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Licensed Unlicensed Requires Authentication Published by De Gruyter October 18, 2018

Prevalence of non-pathogenic types of gastrointestinal protozoa in population in Slovakia and their potential importance in the aspect of public health

  • Adriána Dudlová , Pavol Jarčuška , Silvia Jurišová , Zuzana Vasilková , Vladimír Krčméry and Peter Juriš EMAIL logo
From the journal Acta Parasitologica


The aim of the research was to determine the prevalence of non-pathogenic protozoa circulating in the human population of Slovakia. We particularly focused on the socially deprived areas with poor sanitation conditions, as they are one of the factors affecting the transmission of these infections. Within this study, 2760 people were coprologically screened for the presence of protozoan cysts. The analyzed group comprised 1173 men and 1587 women from different regions of Slovakia. The total prevalence (2.03%) of non-pathogenic protozoa species was determined. The prevalence of Entamoeba coli was 0.80%, the prevalence of Endolimax nana 0.58%, and the prevalence of Blastocystis hominis was 0.65%. The presence of non-pathogenic protozoa was more frequent in women than that in men, in all age groups. The highest incidence of Entamoeba coli was found in children aged one month – seven years (0.79%), the lowest in the age group of 19–88 years (0.66%). Endolimax nana was most frequent in 8–18 year-olds (0.95%), where the statistical significance was found (p<0.05). The prevalence of Blastocystis hominis by the age group ranged from 0.39 to 0.95%. We did not find any statistical significance (p>0.05) for Entamoeba coli, and similarly for Blastocystis hominis associated with the sex and age. Although the circulation of non-pathogenic protozoa in the human population is far from being limited to the developing countries, their occurrence is also frequent in the population of developed countries. Despite their controversial pathogenicity, they should not be neglected, particularly in the patients with gastrointestinal symptoms.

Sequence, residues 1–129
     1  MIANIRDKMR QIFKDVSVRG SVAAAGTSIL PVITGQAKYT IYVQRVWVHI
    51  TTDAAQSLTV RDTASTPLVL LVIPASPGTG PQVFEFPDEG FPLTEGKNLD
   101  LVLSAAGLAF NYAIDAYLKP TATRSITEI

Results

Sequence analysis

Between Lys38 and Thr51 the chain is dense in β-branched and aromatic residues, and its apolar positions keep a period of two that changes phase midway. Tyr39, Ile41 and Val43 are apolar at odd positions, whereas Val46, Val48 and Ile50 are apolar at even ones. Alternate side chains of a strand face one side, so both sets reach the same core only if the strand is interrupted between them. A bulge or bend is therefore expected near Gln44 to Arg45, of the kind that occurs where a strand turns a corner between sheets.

1. Conflict of Interest. The authors declare that they have no conflict of interest.

  2. Ethical approval. All procedures performed in studies involving human participants were in accordance with the ethical standards of the institutional and/or national research committee and with the 1964 Helsinki declaration and its later amendments or comparable ethical standards.


This study was supported and co-financed by VEGA 1/0941/16.


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Received: 2017-09-11
Revised: 2018-08-23
Accepted: 2018-08-28
Published Online: 2018-10-18
Published in Print: 2018-12-19

© 2018 W. Stefański Institute of Parasitology, PAS

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